Working Together

My Curriculum Development work at Furman has led me to explore L&D/OD (Learning & Development/Organizational Development) recently, since I believe this is an overarching solution where my current efforts fit in as a modest part.

Sukh Pabial is an occupational psychologist and 13-year veteran of L&D who has worked in retail broadcasting, digital marketing, and other positions in the United Kingdom. The blog I’m sharing here is one from his own L&D company—it’s a great place to find posts about unconscious bias, ways to approach the narrative surrounding digital learning tools’ usefulness, and more.

A thorough and engaging blog in L&D/OD that I would suggest YOU read!

Challenging Frontiers

I mean it’s all fine having a website that informs people about what your business is about, but unless people are finding the site, then you may as well put a poster on a lamppost and hope for the best.

So I’ve decided I’m going to just write a post which outlines what work you might like to get me involved with. There’s wide ranging stuff here, so let’s get to it.

L&D / OD Strategy

Unsurprisingly a main tenet of the work I want to be involved with is in the development of L&D / OD strategy for companies. There is a lot of debate and talk about various aspects of learning, development, technology, systems, engagement strategies, and all that comes with those debates. I can help bring insight to those discussions and facilitate sessions on the same.

My experience in L&D informs me that there are a few…

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My Idea After The Retreat Looks Like… (Part 1)

I have spent 1 year and a half exploring what entrepreneurship is. Now I’m glad to announce that I finally have an entrepreneurial plan for my home campus.

For people who know me well, hands-on learning is my true passion. Short experiential workshops boost my confidence and serve as a good mentality break from academics for me, while I can still learn necessary soft skills and interaction with people.

After the Southeastern Regional Meetup in downtown Greenville last year, I have counted on the positive effects that experiential education has on students and attempted to propose an “action/actionable” class (based on the model of the IPRO program in Illinois Tech) into our curriculum. I talked to a good number of faculty members including the President, recorded and studied their feedbacks, and sought potential stakeholders for the idea.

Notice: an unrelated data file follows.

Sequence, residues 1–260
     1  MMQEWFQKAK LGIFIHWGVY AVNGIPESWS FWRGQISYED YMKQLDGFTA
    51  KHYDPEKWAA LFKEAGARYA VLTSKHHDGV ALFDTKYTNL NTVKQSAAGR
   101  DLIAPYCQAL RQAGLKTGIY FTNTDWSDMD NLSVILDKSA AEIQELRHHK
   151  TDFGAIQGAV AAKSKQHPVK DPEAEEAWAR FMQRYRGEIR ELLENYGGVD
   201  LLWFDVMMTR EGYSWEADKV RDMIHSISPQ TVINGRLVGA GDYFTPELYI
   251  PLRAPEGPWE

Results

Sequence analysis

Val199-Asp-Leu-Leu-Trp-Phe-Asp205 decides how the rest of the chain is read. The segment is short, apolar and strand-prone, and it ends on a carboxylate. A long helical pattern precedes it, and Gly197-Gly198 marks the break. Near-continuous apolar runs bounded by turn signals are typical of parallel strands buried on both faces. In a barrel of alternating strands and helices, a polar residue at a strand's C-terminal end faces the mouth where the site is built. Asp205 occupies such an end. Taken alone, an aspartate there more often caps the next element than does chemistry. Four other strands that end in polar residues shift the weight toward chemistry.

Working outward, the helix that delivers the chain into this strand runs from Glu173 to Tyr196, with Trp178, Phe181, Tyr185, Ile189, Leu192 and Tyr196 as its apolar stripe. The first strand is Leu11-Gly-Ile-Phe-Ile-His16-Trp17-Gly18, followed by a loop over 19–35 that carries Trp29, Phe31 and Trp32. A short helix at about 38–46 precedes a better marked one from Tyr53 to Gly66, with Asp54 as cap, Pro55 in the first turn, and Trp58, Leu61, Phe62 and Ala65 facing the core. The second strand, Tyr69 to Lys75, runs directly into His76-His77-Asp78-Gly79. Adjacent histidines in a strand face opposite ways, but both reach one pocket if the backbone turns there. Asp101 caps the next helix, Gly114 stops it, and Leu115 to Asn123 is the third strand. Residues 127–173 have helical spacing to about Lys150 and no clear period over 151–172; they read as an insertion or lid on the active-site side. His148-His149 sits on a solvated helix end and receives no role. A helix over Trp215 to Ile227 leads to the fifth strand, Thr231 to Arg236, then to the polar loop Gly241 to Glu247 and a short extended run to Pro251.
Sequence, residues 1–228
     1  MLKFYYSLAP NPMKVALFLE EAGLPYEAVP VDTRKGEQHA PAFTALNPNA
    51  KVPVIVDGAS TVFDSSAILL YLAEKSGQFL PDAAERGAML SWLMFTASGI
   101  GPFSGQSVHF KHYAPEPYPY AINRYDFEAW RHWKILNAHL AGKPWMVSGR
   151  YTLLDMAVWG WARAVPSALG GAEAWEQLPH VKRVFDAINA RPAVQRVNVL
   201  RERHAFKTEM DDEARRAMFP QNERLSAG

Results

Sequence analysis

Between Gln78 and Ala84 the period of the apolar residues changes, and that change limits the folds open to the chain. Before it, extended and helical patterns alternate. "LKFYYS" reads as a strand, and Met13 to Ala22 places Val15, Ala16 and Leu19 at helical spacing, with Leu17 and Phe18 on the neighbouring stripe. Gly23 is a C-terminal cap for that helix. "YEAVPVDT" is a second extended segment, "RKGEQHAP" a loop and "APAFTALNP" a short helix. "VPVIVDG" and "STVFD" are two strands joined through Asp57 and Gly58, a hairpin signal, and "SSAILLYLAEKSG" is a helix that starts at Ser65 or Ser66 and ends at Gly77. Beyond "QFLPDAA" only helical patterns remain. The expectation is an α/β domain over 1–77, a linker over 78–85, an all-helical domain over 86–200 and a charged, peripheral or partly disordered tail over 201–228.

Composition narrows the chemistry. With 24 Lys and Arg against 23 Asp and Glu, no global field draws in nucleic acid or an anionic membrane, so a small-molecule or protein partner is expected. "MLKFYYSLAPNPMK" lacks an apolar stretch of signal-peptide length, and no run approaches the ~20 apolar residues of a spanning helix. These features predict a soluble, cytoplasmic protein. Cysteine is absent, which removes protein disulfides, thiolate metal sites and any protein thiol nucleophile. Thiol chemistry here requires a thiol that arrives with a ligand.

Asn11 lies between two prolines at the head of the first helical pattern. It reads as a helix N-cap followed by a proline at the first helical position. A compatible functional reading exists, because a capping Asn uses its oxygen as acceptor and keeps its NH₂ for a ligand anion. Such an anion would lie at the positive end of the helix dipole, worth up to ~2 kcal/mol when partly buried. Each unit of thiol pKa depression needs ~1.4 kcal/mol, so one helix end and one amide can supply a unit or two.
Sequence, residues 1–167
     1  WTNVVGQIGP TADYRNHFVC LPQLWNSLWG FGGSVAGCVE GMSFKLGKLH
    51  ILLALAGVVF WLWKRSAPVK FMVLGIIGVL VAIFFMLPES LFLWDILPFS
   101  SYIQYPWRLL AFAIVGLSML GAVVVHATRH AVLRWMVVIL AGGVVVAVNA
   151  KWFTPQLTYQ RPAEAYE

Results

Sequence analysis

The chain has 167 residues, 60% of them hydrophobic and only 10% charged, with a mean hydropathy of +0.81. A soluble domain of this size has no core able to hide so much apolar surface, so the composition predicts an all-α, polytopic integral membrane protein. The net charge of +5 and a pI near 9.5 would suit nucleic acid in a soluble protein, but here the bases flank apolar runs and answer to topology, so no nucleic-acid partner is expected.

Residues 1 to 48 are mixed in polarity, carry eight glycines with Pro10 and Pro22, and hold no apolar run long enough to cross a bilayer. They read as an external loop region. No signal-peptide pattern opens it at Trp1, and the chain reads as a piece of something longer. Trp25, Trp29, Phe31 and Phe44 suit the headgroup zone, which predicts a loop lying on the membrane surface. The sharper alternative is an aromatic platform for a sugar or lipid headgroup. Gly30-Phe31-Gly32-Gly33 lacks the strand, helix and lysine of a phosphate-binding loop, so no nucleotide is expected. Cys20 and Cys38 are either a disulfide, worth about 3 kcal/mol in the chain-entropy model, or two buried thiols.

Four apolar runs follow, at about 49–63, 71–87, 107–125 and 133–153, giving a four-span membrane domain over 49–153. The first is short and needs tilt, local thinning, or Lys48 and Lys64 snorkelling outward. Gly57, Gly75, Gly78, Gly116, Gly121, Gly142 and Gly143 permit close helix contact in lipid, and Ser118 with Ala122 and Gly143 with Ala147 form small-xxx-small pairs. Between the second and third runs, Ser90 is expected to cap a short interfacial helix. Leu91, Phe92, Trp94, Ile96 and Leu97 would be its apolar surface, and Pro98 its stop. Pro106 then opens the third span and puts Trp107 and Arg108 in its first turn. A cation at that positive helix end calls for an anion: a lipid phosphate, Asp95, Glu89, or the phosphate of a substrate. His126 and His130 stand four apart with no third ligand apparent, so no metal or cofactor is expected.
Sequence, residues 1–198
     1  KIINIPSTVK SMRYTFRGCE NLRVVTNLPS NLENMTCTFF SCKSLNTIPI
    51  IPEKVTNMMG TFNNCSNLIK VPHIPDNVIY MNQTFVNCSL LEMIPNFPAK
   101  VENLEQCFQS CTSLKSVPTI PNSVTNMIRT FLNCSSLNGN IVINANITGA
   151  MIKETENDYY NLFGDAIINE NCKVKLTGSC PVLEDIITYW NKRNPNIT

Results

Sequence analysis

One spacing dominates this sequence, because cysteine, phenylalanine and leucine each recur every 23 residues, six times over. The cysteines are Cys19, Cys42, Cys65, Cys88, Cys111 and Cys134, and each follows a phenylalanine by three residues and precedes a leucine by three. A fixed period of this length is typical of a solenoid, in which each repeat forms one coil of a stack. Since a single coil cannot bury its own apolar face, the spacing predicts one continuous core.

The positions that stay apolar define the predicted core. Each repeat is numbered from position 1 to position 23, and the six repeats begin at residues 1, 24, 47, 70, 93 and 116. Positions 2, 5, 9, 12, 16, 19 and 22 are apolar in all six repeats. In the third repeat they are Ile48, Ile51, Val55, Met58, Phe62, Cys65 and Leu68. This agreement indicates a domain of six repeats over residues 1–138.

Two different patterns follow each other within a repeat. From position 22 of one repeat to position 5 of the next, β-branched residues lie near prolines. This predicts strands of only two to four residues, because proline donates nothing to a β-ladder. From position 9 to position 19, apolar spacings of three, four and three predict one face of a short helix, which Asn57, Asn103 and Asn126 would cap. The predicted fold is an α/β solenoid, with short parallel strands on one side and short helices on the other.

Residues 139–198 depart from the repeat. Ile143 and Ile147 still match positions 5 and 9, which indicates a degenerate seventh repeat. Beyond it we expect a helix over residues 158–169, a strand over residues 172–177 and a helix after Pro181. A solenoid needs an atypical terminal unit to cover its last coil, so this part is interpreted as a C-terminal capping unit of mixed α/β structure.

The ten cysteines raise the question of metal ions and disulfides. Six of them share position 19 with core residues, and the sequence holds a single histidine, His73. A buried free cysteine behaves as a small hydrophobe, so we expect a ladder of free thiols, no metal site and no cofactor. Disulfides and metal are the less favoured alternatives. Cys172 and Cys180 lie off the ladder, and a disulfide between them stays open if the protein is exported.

Mr. Mike Winiski, our curriculum developer, was caught by the idea and has committed to it until now. We share the same vision to tackle the passive learning, risk-averse culture we are seeing on the curriculum. Very good news right here: his efforts were paid off by the presidential approval of the first “action” class – Design for Social Change II in May Experience Program 2016. I am now aiming to prototype trial models of the course, ideally some pop-up classes, next Spring 2016.

“Given the flexibility that pop-ups offer in terms of format, pedagogy and topics, you can create ones that tap into students’ particular passions and needs, be that learning how to use soldering equipment or 3D printers. But let’s not stop with the students! Instructors often get jazzed about sharing their own personal passions and learning alongside students by serving as a facilitator. For some instructors, that’s compensation enough.”

– Professor Joseph Tranquillo from Bucknell University.

I brought that vision to this Sullivan Social Entrepreneurship Fall Retreat with hope to gain more design thinking tools and networking strategies. After three workshops today, I totally redefined my MVP, customers, values, channels etc.

(To be continued).


Sullivan Fall Retreat – Networking Day